Western Australia's Astronomy & Space Science Community
Here you can find an overview for what you might see in the WA skies this month, plus some more information for those with small telescopes and monthly feature info pieces thanks to our resident astronomer - Jacquie Milner.
12th – Moon and Jupiter close together, morning sky.
14th – Mars and Saturn together with the bright star Spica in Virgo, evening sky.
14th – Moon and Venus close together, morning sky.
16th – A very thin crescent Moon above Mercury, low in morning sky.
22nd – Moon and Mars together, evening sky.
31st – Blue Moon (second Full Moon in the calendar month)
Full Moon: 2nd
Last Quarter: 10th
New Moon: 18th
First Quarter: 24th
Full Moon: 31st
Mars and Saturn meet up during August, high in the western evening sky. Yellowish Saturn is to the right of white Spica, the brightest star in Virgo. Orange-coloured Mars will slide between the two over several weeks. On August 14th they will be in a line: Spica-Mars-Saturn. But keep an eye on them either side of this date as the configuration changes before and after closest approach.
In the morning sky Jupiter and Venus start to drift apart after their July meeting.
Brilliant Venus will stay near the eastern horizon and the Sun but Jupiter will continue on and upwards with the stars of Taurus towards the north.
Swift Mercury also makes a morning appearance this month but it won’t be an easy apparition this time round.
Look for it low to the east about half an hour before sunrise during the middle weeks of the month. A very thin crescent Moon will be above it on the morning of August 16th.
Ophiuchus the Serpent Holder
Ophiuchus (Oh-few-kus) lies to the north of Scorpius and is a large constellation that is not always easy to make out.
None of its stars are particularly bright but it does cover a large area of sky and part of the Milky Way runs through it.
Ophuichus is said to represent the great healer Aesculepius from Greek mythology. He reputably knew the secret of how to raise people from the dead, knowledge he gained after watching one snake heal another, and that is why he is always drawn holding a snake up there in the sky.
Hippocrates the famous Greek healer was said to have been descended from him, too.
Within the boundaries of this constellation lies Barnard’s Star, a faint red dwarf star that has the largest known proper motion in the sky.
Proper motion is the speed that a star appears to be travelling through the sky as seen from Earth. While most stars won’t change their position noticeably within a century or so, Barnard’s star is charging along, covering the apparent diameter of the moon in the sky every 180 years.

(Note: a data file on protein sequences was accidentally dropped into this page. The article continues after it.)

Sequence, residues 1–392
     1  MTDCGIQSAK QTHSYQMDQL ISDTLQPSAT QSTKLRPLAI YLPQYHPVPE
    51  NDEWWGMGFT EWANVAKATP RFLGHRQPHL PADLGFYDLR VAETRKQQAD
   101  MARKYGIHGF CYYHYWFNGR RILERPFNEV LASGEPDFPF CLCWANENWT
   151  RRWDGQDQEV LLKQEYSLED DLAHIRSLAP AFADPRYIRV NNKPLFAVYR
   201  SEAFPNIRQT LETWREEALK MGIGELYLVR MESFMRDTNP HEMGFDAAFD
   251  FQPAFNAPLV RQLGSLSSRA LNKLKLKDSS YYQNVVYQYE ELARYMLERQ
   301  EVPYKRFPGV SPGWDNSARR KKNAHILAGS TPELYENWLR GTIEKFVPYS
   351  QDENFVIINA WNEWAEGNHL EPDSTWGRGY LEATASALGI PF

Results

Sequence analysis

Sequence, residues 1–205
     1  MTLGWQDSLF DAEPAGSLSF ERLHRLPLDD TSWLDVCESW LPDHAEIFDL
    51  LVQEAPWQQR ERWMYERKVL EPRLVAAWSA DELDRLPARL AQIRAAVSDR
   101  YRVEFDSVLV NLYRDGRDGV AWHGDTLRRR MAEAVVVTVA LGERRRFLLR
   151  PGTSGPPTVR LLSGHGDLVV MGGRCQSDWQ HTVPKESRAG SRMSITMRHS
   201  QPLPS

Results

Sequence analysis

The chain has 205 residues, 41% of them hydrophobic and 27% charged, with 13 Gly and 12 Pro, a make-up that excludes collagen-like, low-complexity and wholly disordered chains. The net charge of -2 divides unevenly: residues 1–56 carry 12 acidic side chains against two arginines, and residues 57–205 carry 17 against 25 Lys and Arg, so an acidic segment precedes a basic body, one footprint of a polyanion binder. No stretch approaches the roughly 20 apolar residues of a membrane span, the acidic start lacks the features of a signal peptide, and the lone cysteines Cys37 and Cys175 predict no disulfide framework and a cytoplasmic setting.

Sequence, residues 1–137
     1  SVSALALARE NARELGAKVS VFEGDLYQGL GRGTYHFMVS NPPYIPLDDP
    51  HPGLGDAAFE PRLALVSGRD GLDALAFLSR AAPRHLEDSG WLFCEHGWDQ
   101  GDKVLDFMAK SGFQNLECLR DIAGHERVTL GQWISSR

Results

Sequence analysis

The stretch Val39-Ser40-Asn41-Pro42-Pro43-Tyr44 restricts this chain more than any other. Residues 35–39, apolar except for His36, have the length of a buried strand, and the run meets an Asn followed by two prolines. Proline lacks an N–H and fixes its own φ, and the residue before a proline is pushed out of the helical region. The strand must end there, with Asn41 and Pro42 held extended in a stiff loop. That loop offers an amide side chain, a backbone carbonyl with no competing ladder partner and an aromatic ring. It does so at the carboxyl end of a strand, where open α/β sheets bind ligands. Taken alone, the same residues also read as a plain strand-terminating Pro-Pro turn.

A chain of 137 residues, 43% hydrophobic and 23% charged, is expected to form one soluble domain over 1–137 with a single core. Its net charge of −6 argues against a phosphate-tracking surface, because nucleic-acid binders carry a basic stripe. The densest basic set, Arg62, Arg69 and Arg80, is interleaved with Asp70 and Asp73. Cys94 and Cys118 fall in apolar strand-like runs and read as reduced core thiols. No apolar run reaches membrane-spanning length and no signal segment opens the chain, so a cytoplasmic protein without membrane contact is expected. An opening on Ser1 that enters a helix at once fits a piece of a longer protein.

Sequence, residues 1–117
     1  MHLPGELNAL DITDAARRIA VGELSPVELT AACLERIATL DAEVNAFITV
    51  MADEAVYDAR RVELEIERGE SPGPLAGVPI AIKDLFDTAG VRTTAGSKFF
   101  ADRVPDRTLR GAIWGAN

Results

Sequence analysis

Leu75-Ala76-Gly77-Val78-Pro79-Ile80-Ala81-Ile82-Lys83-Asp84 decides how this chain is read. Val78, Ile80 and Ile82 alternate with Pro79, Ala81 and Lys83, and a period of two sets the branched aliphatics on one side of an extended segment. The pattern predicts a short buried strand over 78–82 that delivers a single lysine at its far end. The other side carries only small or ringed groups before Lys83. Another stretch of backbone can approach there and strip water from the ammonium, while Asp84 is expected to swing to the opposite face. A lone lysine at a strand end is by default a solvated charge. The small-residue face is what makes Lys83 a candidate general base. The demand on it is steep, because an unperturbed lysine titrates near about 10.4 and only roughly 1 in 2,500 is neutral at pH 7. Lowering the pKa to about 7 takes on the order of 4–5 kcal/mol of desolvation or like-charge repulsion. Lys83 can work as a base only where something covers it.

At that speed you could chart its course in your own lifetime.
If you are lucky enough to be somewhere dark enough to see the Milky Way shining brightly in the sky, take a closer look at the stars under the sting of Scorpius the Scorpion. Do you notice that there seems to be a bright area of stars here? This is an open cluster of stars known as Messier 7 (M7).
An open cluster of stars is a group of several hundred to several thousand stars that all formed together from the same cloud of dust and gas.
The dust and gas was blown away from M7 a long time ago and all we see now are the stars that formed.
M7 is an old cluster, estimated to be around 220 million years old. If you have telescope, you might notice a lot of the stars look a little yellow, or even orange.
These are signs that the stars here are starting to age and head towards the end of their life cycles.
M7 looks large in the sky because it is only 800 light years away – that’s pretty close in galactic terms!
It is large enough that you might enjoy this cluster in a low power view through binoculars, as well as through a telescope at a higher magnification (about x50 is all that is needed).
Please also check out For Casual Observers and Featured Article
During July the two brightest planets, Jupiter and Venus, came close together with the Hyades, the star cluster than makes the V-shaped face of Taurus, in the north-eastern sky before dawn.
With so many clear mornings they made an eye-catching sight as they emerged from the twilight together. They’ve been travelling together for a while now but during August they will gradually drift apart.
Jupiter will continue towards the northern sky with the Hyades and orange coloured Aldebaran, the eye of the Bull, but Venus will stay low to the east near the Sun.
Curiosity arrives at Mars
Curiosity, the Mars Science Laboratory, arrives at Mars in early August. The landing should attract intense interest due to its novel method of delivering the newest robotic probe to the red planet.
Curiosity is much larger than the two preceding rovers, Spirit and Opportunity. While the rovers are roughly the size of an average person, Curiosity is the size of a small car.
With more mass to land in Mars’ thin atmosphere, a parachute is of limited use and the airbags used to successfully land the rovers too flimsy to handle the increase in weight so a new method was devised.
Curiosity’s descent will start with a parachute, but then rockets will take over to slow the descent further. At a certain height from the surface the sky crane should deploy, gently dropping the robotic probe onto Martian soil on long wires before the rockets fire again to take the delivery shell away from the vicinity of the probe.
It all happens at 1.31pm WST (Perth time, or 05.31 UT time) on Monday August 6th if you would like to follow the progress of Curiosity. The Mars Odyssey orbiter will be watching Curiosity too and will hopefully send back confirmation of a successful landing as soon as it occurs.